The Tribune Democrat, Johnstown, PA

Local News

October 6, 2012

BILL FINDLEY | Workers turning to moonlighting

— A little known group of workers defined as dual jobholders – often referred to as moonlighters or multiple jobholders – appears to be representing an increasing segment of the local labor force, a trend perhaps reflective of the challenging economic times.  

While there are no specific numbers on their presence in our local labor market, national statistics indicate that in any given month, approximately

6 percent of all workers are multiple jobholders. While this would translate  into approximately 5,000 workers locally, the figure is thought to  be significantly higher as the incidence of secondary jobholding appears to be more widespread throughout our region.

An analysis of the trend looks at the motive for working at more than one job as well as some of the characteristics associated with multiple jobholders.

Why do people work at more than one job? In addition to increasing income, the reasons for multiple job holding include a variety of motivations. Given the recent state of the economy, economic necessity and meeting basic living expenses may be high on the list. Other reasons for working multiple jobs may include paying off debt, earning extra money, gaining experience and saving for the future.

Such is the case with Carol, a salesperson at an area retail store, who did not wish to have her full name used.

“Times are tough. I need the extra money,” she said. “Actually, I enjoy working a few nights a week, and the extra money comes in handy.”

Earl, who is employed by a local manufacturing company and also did not want his last name used, is another example of moonlighting. An electrician by trade, he works at a second job doing electrical work for a broad range of customers. He explains that it didn’t start out that way. He simply began by helping out a few friends.

“Now, I work a couple nights a week just to keep up with my customers,” he said. “I set the money aside to help my son with school expenses.”

According to surveys conducted by the Bureau of Labor Statistics, people working multiple jobs come from just about every demographic group and span all ages, races, genders, martial statuses, geographic locations and educational levels. However, there are some gender and age trends.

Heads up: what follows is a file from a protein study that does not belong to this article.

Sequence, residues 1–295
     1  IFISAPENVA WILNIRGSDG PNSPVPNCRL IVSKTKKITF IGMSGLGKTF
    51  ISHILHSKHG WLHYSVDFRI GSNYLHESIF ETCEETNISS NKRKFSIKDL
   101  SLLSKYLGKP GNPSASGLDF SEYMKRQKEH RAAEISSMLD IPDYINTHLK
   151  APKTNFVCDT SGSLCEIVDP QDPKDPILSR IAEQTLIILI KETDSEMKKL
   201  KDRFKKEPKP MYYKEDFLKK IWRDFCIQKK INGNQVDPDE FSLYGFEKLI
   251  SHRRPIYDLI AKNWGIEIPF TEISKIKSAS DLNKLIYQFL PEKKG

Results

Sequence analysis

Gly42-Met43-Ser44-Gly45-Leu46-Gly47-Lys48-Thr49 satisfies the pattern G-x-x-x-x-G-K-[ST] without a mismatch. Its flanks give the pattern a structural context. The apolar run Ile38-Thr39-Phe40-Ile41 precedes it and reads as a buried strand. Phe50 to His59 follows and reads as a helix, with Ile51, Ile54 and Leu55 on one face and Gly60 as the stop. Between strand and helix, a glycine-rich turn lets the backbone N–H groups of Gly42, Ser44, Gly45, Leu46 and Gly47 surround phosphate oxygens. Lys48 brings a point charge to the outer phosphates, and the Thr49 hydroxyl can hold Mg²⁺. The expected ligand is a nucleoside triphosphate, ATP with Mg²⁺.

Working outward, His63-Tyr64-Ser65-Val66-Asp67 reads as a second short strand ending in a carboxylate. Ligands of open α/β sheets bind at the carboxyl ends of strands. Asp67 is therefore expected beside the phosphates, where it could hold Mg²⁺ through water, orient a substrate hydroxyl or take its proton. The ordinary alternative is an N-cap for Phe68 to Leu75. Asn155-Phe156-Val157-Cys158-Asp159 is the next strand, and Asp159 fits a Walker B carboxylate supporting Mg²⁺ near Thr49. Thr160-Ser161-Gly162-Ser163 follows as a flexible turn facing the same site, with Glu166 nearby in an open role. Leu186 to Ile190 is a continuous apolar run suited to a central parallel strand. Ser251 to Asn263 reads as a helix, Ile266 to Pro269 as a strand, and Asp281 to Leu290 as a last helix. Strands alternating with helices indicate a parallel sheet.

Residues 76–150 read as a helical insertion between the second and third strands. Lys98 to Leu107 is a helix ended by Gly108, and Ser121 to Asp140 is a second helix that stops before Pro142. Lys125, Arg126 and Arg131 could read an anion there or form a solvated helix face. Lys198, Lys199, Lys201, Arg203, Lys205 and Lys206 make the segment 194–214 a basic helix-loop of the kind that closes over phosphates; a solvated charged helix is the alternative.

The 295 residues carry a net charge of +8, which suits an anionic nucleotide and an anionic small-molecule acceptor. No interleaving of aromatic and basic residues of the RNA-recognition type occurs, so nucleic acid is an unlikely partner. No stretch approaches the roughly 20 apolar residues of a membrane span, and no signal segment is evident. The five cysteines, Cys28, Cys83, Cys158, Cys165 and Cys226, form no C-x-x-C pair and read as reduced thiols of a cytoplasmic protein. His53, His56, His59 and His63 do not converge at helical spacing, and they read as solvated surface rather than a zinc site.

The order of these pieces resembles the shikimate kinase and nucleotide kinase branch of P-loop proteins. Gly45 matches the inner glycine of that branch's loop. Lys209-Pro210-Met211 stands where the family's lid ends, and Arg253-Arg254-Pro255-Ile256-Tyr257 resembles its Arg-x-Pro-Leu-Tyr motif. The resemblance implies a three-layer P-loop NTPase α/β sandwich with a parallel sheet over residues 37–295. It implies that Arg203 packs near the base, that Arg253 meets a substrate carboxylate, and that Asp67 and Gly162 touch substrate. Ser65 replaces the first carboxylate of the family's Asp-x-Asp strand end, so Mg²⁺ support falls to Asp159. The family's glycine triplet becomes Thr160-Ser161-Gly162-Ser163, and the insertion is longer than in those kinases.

For example, employed women are more likely to be multiple jobholders than their male counterparts. Retired people aged 65 and older are the least likely to hold multiple jobs. The majority of moonlighters are married, most in their late 30s or early 40s and have strong labor force attachment.

Interestingly, the tendency to work multiple jobs increases with education. Education has improved the marketability of many of these more highly educated people who possess skill sets in demand in the labor market. The result? Employers seek their expertise even though they already are employed.

While, to some extent, earnings dictate the number who hold more than one job, studies indicate that this is not always the case. The decision is more likely driven by the primary motivation to have more than job.

For example, well-paid people may choose to work second jobs because their schedule allows it, or their expertise may be in demand, or simply because of financial reasons beyond meeting basic living expenses and paying off debts.

Not surprisingly, retail sales workers are at the top of the list of occupations that employ the greatest number of people in secondary jobs because many people supplement their earnings working part time at local stores. Other popular occupations include sales representatives, waiters and waitresses, security guards, bartenders and construction trades. Many people in professional occupations with specialized expertise supplement their earnings by teaching part time at local colleges and universities.